India Finance Coal
Adani axes projects and spending in wake of Hindenburg rout
Apr 29, 2023
Major fossil-fuel projects have a question mark hanging over them since Adani's Hindenburg-driven credit crunch.

Three months on from the bombshell Hindenburg report, the Adani Group’s fortunes are yet to turn. The Hindenburg allegations have created a lasting political scandal in India. Meanwhile, on the business side of things, the group faces a persistent debt crunch. Continuing media scrutiny has resulted in a flow of damaging revelations about the group’s businesses. Despite a halting recovery in the stock markets, the group's net loss since the Hindenburg report is still over US $100 billion. In part 2 of our analysis, AdaniWatch examines the impacts of the report on Adani’s businesses, including some that have axed major new fossil-fuel projects.

In the three months since the release of the bombshell Hindenburg report that called the Adani Group the ‘largest con in corporate history’, revelations have continued to pour forth regarding its alleged malpractices.

Three months on from the release of the Hindenburg report, and the fallout for the Adani Group continues.

On 25 April 2023, Bloomberg reported that the Adani Group has been quietly distancing itself from Gautam Adani’s older brother, Vinod. Vinod Adani has been described as inhabiting the centre of a complex web of offshore companies registered in tax havens around the world. These offshore entities have allegedly been used for a range of dubious purposes, including artificially inflating the stock prices of Adani companies that are publicly listed. Bloomberg reported that Vinod Adani had, in late February, stepped down as director of three Adani Group companies that are connected to the Carmichael coal mine in Australia.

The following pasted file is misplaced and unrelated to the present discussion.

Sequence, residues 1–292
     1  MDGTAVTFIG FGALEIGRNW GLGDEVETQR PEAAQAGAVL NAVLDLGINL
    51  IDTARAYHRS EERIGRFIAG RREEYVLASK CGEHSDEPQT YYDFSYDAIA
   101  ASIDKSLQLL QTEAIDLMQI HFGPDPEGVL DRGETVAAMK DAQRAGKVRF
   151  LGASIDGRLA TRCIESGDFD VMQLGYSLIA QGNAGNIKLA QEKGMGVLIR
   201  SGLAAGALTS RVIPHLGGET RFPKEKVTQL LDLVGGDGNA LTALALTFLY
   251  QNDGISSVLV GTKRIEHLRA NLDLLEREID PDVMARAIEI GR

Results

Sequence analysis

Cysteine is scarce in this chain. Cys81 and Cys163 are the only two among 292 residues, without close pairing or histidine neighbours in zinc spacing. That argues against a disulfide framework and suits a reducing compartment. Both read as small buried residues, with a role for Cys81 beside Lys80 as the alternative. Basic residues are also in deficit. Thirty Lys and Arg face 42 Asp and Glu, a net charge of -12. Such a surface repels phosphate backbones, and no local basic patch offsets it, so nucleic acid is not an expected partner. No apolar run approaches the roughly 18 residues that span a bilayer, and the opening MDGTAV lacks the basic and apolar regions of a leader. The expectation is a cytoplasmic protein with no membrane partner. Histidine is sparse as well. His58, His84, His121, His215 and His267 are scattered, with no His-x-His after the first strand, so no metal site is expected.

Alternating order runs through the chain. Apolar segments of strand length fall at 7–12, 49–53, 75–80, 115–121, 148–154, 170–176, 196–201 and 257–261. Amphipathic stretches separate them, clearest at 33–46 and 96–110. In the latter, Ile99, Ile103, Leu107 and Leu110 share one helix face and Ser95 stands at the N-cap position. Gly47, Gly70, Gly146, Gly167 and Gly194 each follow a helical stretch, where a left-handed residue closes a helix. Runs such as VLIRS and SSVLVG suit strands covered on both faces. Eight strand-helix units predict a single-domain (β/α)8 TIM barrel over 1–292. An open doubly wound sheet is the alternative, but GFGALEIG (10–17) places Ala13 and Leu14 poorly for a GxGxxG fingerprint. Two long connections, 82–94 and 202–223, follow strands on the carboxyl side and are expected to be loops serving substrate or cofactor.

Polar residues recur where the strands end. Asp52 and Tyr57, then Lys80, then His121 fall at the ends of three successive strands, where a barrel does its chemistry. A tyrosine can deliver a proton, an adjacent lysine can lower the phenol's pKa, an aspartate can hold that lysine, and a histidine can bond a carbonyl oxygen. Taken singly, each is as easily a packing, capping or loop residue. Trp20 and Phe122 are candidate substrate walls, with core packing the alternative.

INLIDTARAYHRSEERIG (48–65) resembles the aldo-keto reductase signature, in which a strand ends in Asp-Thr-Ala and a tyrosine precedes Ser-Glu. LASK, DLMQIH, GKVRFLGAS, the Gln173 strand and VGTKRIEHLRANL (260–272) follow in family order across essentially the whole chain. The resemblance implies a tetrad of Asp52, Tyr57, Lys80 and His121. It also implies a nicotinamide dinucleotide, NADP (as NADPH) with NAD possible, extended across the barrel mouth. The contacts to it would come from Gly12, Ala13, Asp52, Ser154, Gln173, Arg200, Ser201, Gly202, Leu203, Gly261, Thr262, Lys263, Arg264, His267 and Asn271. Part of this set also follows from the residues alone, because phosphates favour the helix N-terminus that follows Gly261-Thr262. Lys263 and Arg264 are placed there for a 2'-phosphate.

In its response to the Hindenburg report, the Adani Group had previously asserted that Vinod was not a ‘related party’ to the group, and that he was not responsible for investments attributable to companies linked to him. However, subsequent reporting had found that Vinod Adani in fact works out of an Adani-owned office and owns or is a director of multiple entities in the Adani Group. The Adani Group itself told Indian stock markets in March that Vinod Adani is a part of the ‘promoter group’ (in this case, the founders and majority owners of the companies concerned) of the conglomerate.